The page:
Every successful agile transformation goes through five stages.
What are you talking about? What’s this “Agile” bullshit? We don’t need it!
The first stage of an agile transformation is resistance. Perhaps the CEO is convinced, or perhaps there’s a ground-up movement from one of the software development teams, or maybe there’s a solo designer, engineer, tester or other developer pushing for change. Either way, we don’t like it. And we’re not listening.
It’s just another fad, anyway. It’ll blow over.
Why are you changing things? It was fine before you came along!
The second stage of an agile transformation is outright hostility. You’ve gone and done it now. You’ve broken everything. It was going smoothly and you threw a spanner into the works. And it’s so obvious it’s broken! Everyone’s going slower now!
Fuck your unit tests, fuck your sprints, fuck your retrospectives, and most of all, fuck you.
Do we have to change everything? Our quarterly releases were fine for us. Let’s do the scrum thing but release once a quarter, OK?
The third stage of an agile transformation is an attempt to cling to safety. OK, you introduced a Kanban board with work-in-progress limits, and it’s helping manage the work. But it’s changing too fast and we don’t like it. This is good, but let’s stop here, OK? No need to rock the boat too much.
We’re still in the boat, after all.
Everything’s changing too fast. I’ll never be able to keep up with this. I can’t do it.
The fourth stage of an agile transformation is a recognition that the new way breaks the old way, bringing with it a heightened fear of the future. Change is hard for everyone, and it’s rare that people are prepared for it.
We’re never going to be able to make this work. Pair programming is exhausting, automated testing is too hard, dealing with changes to the plan is confusing and we don’t even know where we’re going to be in six months.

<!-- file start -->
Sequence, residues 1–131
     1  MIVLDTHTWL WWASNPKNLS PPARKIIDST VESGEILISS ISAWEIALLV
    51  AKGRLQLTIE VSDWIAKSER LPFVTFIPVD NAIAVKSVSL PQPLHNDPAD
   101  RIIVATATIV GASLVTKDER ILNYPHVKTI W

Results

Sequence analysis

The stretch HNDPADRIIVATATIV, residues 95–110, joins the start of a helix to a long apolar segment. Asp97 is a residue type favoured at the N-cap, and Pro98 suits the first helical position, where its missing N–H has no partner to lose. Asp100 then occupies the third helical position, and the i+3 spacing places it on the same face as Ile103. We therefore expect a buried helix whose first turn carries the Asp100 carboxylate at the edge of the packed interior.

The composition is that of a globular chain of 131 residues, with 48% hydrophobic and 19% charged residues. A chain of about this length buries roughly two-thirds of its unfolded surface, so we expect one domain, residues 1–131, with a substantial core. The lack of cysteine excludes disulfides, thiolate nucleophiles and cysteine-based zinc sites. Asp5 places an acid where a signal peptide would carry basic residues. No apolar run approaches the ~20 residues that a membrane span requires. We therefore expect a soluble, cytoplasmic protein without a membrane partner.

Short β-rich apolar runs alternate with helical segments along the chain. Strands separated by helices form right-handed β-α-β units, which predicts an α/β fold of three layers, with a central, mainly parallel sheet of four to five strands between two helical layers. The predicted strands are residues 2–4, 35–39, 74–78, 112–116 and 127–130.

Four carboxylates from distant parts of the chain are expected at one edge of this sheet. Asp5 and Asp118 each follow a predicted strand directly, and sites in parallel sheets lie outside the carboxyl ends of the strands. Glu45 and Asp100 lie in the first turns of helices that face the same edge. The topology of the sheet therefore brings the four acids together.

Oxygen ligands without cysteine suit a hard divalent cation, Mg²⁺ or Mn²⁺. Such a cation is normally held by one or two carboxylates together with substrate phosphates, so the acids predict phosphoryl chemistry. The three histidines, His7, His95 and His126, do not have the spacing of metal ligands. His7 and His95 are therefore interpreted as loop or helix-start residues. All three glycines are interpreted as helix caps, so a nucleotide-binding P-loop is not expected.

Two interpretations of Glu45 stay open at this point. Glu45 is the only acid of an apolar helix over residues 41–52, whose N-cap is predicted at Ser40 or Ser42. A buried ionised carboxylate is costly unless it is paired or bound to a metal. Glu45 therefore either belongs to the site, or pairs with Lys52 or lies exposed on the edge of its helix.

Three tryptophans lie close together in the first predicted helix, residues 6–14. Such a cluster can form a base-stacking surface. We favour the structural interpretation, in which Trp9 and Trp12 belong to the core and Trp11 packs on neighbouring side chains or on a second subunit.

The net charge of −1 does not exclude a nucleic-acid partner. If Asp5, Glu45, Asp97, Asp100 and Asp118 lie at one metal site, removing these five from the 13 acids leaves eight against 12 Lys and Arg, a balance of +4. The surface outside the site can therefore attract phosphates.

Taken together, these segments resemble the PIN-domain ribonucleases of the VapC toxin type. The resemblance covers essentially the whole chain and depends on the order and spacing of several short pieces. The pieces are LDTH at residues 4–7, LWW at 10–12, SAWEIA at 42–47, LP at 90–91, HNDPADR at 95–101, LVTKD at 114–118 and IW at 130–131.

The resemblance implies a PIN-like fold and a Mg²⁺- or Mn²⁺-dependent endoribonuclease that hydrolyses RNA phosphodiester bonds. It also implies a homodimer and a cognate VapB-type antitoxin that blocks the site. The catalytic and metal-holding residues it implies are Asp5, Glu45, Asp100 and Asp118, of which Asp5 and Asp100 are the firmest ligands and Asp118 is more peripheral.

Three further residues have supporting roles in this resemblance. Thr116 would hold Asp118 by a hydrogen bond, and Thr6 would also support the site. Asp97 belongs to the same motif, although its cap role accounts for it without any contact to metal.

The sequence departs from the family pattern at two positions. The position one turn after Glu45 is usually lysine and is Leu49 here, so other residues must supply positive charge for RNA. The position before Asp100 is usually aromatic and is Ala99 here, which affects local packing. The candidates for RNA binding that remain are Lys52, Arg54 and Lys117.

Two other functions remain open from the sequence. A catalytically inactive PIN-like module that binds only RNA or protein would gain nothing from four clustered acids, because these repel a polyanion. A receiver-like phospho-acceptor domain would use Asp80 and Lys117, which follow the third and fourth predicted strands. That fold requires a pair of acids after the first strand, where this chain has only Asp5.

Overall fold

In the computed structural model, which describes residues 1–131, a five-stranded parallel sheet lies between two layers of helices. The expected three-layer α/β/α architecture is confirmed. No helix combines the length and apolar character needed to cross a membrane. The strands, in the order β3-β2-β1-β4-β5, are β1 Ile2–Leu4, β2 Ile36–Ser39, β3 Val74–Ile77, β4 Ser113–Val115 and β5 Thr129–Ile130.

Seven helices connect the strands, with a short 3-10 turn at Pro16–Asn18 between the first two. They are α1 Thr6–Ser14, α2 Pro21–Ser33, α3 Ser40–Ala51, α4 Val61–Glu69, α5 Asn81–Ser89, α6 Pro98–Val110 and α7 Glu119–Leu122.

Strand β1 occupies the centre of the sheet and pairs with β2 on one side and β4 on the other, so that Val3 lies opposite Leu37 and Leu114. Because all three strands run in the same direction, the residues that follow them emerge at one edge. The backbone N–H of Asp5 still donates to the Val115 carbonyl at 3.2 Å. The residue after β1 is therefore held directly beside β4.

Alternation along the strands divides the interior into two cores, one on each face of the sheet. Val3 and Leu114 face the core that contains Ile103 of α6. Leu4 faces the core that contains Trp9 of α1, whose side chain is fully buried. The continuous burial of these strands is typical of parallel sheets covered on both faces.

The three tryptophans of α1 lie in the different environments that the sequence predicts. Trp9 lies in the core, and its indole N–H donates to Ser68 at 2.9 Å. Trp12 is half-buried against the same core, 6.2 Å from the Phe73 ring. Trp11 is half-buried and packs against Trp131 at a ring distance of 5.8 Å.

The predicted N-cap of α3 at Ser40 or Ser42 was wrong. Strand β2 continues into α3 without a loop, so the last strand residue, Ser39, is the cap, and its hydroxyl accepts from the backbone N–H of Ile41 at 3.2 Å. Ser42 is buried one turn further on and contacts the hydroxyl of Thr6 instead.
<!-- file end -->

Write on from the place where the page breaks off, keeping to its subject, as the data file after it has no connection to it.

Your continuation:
It’s all so futile.
It’s… working, I guess?
I get it now. I think.
Things are working again. We’re delivering software. People are listening to my opinion. There’s a lot more communication, and that’s… probably better, right? We actually know who uses the software we’re responsible for, and some of them have visited our offices and had a coffee with us. We’re shipping every week now, and they’re happy about that. We released a couple of nasty bugs, but we fixed them really quickly and our customers loved that.
The fifth stage of an agile transformation is an understanding of the values and principles by that mother of all buzzwords, “Agile”. By itself, it’s meaningless. But you don’t learn what it means from a book, you learn by doing.
The fifth, and last, stage of an agile transformation is the understanding that this stage is just the start.
Unfortunately, it’s fairly rare for a large organisation to make it to the fifth stage. Even with competent professionals (who are hard to find) guiding the change, an organisation is a complex system. Every individual has their own motivations, desires and preferences, and almost none of them are interested in having their world flipped upside down on someone else’s whim.
It’s no surprise that many transformations are abandoned halfway through, typically when bargaining results in a Kanban-esque board with 73 items in the “Doing” column. The problem is that often, the new state is worse than the old state. The organisation is left with many of the costs of a system that responds well to feedback and iteration, but none of the benefits.
It’s interesting that some agile change consultants often take a big-design-up-front approach to change management, implementing a system that won’t work until all the parts are in place, projecting what the organisation will look like in two years, and following their plan to the letter.
It’s funny, because we can apply agile principles to change: do the simplest thing that will work, listen to feedback, and iterate.
The downside is that it’s much, much harder than it sounds.
The upside is that unlike the other way, it actually works.
Thanks to everyone in the “Self-Organising Teams” session at CITCON 2018 for inspiring this post, and especially Edward Wong for taking notes of the entire session.